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While nearly 8000 rare diseases have been identified, only 5 percent have licensed treatments. As most of these diseases are life threatening, it underscores the urgent need for new drugs. Drug repurposing (also called drug repositioning) consists in identifying new uses for approved or investigational drugs that are outside the scope of the original medical indication. It represents an opportunity for rare diseases and patients with unmet needs. It is an alternative option in drug development and is often presented as being a viable, risk-managed strategy for pharmaceutical companies developing orphan drugs. Drug repurposing is presented as offering various advantages over developing an entirely new drug for a given indication: fewer risks, lower costs and shorter timelines. However, matters are not as simple as this. There are notable successes for drug repurposing. Nevertheless, repurposing does not always succeed. The repurposed drug may fail to demonstrate a benefits-harms balance in clinical trials. Moreover, there are legal and regulatory issues which are specific barriers to drug repurposing and which have to be carefully analyzed before any development of repurposed drugs. The objective of this article is to identify major challenges and opportunities of drug repurposing in rare diseases and to separate fact from fiction.Le texte complet de cet article est disponible en PDF.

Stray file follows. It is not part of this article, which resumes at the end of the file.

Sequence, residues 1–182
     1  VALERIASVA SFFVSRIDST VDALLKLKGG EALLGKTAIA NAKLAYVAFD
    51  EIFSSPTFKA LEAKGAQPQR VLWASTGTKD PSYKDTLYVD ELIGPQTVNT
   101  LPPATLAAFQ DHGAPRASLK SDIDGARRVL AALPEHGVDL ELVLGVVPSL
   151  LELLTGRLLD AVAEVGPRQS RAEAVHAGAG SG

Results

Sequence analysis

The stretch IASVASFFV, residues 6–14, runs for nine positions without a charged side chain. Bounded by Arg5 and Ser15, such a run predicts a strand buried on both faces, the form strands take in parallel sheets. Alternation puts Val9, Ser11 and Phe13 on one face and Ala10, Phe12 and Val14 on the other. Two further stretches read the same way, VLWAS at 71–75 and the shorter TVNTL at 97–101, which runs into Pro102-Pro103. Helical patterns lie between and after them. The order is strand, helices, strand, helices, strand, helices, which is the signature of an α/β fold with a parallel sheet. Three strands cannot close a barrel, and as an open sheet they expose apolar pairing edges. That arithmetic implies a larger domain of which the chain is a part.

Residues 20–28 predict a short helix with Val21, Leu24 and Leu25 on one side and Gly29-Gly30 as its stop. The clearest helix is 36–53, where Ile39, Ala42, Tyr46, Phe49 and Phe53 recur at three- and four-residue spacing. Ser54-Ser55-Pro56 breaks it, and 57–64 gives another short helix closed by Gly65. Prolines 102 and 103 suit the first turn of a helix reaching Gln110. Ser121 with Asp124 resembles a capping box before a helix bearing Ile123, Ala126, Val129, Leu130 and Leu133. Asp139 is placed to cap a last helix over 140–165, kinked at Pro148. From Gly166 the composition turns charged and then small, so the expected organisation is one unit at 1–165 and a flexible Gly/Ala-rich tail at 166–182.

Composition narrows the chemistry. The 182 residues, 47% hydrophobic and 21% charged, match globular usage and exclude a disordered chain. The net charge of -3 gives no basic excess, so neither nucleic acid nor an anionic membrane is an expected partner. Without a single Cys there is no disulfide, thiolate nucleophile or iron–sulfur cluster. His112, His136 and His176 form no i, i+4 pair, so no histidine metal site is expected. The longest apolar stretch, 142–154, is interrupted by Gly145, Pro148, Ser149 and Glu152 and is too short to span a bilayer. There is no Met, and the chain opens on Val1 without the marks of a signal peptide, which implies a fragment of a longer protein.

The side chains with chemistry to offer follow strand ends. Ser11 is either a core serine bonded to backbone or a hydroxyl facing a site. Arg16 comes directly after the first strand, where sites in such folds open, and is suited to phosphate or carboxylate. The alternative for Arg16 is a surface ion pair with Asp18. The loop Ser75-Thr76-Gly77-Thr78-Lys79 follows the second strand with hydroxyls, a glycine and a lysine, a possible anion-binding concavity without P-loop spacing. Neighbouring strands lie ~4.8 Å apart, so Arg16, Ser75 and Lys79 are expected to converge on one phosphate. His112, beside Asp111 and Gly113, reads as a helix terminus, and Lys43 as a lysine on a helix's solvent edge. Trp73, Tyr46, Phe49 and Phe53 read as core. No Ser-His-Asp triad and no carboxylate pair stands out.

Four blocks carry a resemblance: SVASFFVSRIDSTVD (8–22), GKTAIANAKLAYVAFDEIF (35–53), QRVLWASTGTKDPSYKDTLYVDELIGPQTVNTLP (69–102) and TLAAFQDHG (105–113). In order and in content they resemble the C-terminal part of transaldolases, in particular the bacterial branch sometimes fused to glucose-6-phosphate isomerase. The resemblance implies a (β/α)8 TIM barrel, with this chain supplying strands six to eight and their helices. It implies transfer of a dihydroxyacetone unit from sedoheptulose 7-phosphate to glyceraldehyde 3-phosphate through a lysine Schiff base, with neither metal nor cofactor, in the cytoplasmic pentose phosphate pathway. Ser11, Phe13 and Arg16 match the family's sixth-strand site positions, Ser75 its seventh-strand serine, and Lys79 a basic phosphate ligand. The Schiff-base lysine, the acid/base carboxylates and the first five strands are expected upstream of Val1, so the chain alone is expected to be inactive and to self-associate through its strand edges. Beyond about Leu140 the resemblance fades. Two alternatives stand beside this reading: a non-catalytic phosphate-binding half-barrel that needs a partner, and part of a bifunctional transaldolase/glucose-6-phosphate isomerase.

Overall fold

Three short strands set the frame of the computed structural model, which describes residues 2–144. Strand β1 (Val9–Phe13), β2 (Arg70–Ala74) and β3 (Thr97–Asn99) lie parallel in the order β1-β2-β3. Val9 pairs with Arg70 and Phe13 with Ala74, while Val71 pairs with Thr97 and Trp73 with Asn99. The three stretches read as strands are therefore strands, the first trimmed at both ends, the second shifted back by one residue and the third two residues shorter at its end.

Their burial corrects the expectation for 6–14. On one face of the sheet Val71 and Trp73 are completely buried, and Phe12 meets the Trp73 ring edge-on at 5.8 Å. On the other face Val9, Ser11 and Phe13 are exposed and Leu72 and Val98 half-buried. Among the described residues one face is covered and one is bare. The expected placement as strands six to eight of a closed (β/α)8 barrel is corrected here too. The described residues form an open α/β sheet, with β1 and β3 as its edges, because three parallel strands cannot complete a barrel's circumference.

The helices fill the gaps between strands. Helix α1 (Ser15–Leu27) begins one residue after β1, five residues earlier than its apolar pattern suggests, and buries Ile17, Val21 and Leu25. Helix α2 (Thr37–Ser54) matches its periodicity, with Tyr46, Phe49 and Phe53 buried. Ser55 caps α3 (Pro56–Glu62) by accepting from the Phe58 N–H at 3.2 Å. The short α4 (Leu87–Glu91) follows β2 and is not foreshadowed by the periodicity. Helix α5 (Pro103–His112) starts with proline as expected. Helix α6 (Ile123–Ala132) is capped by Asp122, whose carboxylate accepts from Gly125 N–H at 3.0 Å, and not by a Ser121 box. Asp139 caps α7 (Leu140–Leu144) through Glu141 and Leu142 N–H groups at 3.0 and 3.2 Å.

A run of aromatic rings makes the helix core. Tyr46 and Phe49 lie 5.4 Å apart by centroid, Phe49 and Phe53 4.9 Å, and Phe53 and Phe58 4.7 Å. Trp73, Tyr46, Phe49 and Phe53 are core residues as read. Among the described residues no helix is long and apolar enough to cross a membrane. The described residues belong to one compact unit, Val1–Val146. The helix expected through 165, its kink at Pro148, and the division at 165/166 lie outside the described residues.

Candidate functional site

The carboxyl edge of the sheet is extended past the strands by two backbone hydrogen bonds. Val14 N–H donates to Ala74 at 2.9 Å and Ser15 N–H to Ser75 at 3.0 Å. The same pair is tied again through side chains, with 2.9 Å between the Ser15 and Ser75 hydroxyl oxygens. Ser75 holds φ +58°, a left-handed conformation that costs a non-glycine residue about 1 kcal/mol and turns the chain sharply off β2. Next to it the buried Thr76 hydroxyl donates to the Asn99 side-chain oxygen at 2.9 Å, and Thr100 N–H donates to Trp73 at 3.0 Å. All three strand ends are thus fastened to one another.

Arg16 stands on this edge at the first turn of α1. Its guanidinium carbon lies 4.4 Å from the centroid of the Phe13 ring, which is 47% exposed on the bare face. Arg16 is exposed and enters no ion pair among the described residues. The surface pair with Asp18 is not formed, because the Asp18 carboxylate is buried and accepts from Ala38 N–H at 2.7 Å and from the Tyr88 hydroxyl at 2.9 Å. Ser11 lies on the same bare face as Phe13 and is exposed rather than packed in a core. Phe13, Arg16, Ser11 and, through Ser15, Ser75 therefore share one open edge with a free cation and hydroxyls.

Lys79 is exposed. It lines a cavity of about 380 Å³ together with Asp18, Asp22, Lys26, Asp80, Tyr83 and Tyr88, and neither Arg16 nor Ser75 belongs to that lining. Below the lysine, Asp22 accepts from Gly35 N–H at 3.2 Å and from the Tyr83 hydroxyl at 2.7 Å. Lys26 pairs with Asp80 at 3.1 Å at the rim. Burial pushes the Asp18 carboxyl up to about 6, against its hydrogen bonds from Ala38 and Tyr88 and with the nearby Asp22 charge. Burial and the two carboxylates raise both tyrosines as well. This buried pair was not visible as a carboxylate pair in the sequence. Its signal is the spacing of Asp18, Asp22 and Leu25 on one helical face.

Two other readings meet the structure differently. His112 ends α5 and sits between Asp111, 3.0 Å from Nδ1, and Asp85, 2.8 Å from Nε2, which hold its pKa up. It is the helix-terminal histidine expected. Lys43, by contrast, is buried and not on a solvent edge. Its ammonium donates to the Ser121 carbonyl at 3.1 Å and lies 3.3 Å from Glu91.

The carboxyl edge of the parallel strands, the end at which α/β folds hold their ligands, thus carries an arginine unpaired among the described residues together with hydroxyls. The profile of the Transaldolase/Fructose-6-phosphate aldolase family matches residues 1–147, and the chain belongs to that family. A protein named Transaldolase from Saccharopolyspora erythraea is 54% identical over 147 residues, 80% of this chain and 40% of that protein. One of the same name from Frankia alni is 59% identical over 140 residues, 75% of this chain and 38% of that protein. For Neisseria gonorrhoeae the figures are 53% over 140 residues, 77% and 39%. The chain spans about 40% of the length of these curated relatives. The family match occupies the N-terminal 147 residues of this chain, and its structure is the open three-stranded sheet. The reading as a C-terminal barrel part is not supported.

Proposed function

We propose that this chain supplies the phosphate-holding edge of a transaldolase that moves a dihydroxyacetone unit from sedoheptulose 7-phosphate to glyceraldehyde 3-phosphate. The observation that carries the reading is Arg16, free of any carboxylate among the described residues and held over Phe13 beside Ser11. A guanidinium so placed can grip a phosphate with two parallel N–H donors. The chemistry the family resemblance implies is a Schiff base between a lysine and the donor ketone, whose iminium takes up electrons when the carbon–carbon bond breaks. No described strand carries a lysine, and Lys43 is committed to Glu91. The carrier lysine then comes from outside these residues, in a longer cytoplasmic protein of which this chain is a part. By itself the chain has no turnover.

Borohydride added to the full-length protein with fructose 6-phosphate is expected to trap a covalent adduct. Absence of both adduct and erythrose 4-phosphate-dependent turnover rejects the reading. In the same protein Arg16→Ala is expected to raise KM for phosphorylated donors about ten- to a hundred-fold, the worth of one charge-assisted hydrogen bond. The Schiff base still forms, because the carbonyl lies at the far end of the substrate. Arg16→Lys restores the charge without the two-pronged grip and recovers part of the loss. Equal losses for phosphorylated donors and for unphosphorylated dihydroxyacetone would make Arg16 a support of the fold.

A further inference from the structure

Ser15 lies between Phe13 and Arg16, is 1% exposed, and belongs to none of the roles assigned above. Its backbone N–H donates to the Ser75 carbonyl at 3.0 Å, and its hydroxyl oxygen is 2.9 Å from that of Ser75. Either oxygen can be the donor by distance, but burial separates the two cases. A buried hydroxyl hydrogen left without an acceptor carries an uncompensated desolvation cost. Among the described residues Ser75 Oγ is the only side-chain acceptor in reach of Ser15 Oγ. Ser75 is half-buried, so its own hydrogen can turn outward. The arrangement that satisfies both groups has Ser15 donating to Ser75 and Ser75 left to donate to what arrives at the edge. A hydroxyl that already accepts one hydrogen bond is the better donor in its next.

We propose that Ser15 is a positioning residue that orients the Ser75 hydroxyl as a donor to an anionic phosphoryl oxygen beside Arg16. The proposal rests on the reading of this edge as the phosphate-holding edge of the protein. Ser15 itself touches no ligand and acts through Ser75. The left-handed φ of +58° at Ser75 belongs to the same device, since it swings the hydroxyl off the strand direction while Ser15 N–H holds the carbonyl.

Keywords : Drug repurposing, Drug repositioning, Drug development risks, Rare diseases